|Big voice at Buxton Festival: Jason with lean and hungry look
John Robert-Blunn, Manchester Evening News
"I LOVE singing anything and everything," said Howard Haskin over tea and biscuits in a very English neo-classical hotel in Buxton. He was commenting on my surprise that he had recently sung in Verdi's Requiem in Dublin and that in May next year he is booked to sing in Mahler's Das Lied von der Erde in Haifa.
I had thought, wrongly, that this 31 year-old black American tenor who is impressing capacity audiences at Buxton Opera House as Jason in the festival's controversial production of Cherubini's Médée, was an opera-only man.
But Haskin is, and intends to remain, an all-rounder, despite the acclaim he has won in Buxton and the fact that after returning briefly to his Paris home after the Médée run he will be singing the taxing role of Paris (he intends no pun) in Tippett's King Priam with Kent Opera. And if plans go well, he will be happy to repeat his Jason in the projected Buxton Festival performances in Lyon next year.
To say that he was lucky to land this Buxton Festival role depends on which side of the ledger one looks. He does not yet command a fee or a name, let alone a frame, as big as, say, Pavarotti. On the other hand, musical director Anthony Hose and producer Malcolm Fraser, having secured soprano Rosalind Plowright for the title role, had been looking for months for a worthy partner who had sung Jason.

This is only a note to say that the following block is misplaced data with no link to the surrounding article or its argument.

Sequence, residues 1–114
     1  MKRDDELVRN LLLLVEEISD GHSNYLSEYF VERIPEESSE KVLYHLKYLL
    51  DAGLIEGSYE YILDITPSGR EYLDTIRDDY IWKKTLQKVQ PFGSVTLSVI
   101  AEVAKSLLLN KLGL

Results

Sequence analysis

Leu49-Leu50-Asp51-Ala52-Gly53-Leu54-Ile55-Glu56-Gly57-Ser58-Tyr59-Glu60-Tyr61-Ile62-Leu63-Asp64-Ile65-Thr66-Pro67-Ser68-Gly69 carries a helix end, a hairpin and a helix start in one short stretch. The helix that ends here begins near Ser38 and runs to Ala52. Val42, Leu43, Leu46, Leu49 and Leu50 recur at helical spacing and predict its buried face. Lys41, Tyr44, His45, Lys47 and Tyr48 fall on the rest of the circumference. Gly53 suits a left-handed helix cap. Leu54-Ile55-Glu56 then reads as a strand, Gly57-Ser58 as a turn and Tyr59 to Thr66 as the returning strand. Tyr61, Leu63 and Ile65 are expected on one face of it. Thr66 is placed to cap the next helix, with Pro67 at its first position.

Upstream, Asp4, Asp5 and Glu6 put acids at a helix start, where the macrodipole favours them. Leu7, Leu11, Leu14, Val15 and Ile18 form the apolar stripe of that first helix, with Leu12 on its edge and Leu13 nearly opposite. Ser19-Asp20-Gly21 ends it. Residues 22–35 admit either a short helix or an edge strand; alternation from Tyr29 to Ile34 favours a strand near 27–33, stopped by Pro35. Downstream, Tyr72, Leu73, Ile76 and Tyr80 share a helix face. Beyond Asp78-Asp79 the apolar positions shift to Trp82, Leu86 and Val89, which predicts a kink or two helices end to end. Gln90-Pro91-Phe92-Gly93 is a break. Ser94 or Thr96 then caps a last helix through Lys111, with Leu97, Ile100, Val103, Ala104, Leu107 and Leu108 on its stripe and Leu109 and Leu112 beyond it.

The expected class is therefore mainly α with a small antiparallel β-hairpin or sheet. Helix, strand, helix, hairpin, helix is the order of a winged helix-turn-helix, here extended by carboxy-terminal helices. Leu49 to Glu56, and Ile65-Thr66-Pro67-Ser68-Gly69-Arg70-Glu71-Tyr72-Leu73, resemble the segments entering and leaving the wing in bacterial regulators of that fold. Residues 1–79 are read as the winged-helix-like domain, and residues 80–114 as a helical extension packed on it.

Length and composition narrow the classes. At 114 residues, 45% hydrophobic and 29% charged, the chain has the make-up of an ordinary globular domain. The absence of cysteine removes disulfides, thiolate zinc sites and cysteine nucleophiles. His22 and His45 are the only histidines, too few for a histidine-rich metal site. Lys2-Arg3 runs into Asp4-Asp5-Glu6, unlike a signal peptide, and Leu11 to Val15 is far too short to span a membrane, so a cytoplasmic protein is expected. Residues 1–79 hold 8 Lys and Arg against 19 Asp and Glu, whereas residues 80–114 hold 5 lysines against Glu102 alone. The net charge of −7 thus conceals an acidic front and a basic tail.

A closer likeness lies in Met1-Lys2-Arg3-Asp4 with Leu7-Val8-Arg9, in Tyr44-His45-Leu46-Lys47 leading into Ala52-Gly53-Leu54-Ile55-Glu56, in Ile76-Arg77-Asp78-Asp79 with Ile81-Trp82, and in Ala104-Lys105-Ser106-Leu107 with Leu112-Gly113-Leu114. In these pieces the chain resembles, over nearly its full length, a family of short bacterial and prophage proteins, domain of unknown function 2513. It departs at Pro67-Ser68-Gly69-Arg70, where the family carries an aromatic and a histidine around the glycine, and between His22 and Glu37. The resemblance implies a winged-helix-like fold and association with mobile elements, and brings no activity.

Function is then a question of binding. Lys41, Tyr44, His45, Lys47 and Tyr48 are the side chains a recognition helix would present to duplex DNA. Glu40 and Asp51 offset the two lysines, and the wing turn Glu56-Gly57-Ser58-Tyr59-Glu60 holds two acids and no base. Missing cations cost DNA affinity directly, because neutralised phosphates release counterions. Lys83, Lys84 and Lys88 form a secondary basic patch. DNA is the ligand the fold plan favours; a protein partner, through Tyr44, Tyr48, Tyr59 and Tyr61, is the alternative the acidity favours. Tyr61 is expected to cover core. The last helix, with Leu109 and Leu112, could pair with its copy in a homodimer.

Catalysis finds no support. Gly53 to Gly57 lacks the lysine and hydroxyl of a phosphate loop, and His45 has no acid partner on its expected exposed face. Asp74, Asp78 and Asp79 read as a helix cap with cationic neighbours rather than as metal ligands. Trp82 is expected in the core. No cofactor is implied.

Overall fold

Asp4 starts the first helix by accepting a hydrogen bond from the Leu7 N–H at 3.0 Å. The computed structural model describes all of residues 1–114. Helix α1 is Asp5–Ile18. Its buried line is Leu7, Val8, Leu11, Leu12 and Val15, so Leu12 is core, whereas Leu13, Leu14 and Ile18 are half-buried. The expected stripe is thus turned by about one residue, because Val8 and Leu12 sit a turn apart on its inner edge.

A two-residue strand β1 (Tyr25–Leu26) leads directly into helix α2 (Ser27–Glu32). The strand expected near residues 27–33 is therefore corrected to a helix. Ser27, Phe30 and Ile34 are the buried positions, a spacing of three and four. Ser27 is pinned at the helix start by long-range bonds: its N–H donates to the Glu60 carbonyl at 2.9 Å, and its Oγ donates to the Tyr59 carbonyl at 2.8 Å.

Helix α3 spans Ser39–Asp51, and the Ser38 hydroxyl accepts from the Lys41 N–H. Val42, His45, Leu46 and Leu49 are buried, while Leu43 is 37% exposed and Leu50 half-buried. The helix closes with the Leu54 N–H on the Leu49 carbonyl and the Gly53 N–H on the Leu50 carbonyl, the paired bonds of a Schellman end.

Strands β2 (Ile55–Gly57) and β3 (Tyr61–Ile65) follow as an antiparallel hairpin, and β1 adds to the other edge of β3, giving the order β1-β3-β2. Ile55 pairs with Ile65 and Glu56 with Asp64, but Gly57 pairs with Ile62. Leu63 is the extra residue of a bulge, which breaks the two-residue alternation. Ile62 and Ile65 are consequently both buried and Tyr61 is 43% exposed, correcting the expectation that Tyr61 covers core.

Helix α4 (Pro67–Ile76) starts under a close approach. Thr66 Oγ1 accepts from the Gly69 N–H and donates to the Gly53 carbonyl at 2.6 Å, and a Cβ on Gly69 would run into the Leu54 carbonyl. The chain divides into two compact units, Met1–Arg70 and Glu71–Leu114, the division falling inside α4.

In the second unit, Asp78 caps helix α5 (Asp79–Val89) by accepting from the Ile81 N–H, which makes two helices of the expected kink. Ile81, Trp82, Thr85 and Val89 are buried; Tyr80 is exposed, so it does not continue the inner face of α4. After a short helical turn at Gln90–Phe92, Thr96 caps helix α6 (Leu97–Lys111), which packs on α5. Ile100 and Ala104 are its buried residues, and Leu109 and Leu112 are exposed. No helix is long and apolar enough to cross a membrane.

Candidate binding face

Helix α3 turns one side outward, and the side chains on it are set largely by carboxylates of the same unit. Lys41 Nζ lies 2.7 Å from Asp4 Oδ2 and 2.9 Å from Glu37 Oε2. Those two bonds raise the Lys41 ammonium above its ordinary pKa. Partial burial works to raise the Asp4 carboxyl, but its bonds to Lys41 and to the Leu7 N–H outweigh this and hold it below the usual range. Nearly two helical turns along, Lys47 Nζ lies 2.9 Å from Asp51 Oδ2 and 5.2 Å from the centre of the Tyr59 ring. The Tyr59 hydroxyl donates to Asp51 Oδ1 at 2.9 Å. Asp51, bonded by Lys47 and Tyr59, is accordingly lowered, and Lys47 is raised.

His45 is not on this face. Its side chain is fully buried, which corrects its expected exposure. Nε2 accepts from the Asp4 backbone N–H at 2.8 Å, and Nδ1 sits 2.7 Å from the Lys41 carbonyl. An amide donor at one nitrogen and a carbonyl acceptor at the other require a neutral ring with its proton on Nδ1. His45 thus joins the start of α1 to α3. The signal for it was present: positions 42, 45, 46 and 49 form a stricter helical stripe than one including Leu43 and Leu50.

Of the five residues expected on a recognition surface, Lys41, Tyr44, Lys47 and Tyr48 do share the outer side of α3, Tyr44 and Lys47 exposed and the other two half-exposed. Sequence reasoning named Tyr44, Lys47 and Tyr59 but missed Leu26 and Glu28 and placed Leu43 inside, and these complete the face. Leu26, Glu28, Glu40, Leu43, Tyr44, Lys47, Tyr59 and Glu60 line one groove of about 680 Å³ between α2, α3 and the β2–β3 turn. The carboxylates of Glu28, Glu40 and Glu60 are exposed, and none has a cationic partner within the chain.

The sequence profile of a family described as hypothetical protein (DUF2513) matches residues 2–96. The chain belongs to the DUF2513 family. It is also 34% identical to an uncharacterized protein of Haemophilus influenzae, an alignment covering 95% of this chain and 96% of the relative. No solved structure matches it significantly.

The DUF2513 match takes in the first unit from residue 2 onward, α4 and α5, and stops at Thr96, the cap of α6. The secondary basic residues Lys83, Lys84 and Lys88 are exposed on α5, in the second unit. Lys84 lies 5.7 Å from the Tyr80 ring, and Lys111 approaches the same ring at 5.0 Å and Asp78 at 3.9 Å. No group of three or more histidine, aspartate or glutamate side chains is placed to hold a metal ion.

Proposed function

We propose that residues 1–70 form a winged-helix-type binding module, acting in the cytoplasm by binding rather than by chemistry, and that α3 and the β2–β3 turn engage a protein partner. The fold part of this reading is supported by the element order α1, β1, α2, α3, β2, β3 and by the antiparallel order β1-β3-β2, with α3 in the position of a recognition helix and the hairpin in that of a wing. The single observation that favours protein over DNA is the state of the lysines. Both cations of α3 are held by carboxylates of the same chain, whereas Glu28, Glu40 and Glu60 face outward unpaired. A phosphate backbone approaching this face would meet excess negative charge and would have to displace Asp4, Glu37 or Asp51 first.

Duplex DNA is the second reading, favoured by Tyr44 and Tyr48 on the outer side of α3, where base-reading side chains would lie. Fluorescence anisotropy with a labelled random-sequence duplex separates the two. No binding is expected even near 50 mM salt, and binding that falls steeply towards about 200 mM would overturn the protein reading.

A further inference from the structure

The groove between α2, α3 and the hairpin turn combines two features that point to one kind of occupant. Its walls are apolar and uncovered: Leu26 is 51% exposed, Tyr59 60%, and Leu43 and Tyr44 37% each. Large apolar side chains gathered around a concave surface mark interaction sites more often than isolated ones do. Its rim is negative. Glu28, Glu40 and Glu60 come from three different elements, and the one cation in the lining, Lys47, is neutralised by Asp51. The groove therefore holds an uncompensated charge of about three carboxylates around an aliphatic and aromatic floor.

It was only in June that Haskin's agent, Tony Kaye (who is also Rosalind Plowright's agent and husband) rang him in Paris. An audition quickly followed and Hose and Fraser were impressed.
Haskin, who has been studying for eight years with Marie-Henriette Dejean ("a wonderful teacher"), said: "Many people think of me as a Mozartean kind of tenor, but when I open up I have a bigger voice than they suppose on first hearing." (He sang Radames four nights running with the am-pro Northern Opera in Newcastle, where he could not understand a word of Geordie).
He admits that this is because, at around 5ft 8in, he has a lean and perhaps hungry look. "Perhaps I should try to build up muscle," he says. And he does do weightlifting and enjoys swimming just as much as the freshwater fish he often tries to catch.
On stage at Buxton he looks lean but fit and athletic. But he sounds impressive and acts well.
Haskin seemed destined for the stage when, at three, he began "dancing" to the music of Gerswhin. He started learning the piano the following year. Much later he studied at Wichita State University and Indiana University.
After two years in Zurich he was offered work in Germany and had to decide whether to go on studying in Pariswhere he had made his professional European debut in Porgy and Bess. He chose Paris.
"It is a wonderful place," he says, quickly adding that he is enjoying England and Buxton in particular. He pours me a second cup of tea while munching on a digestive biscuit.
A diplomat as well as a singer. And Buxton clearly likes him.
Copyright © 1984 Manchester Evening News
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Impressing capacity audiences.
Mr. Haskin in the role of Jason with Rosalind Plowright in Médée.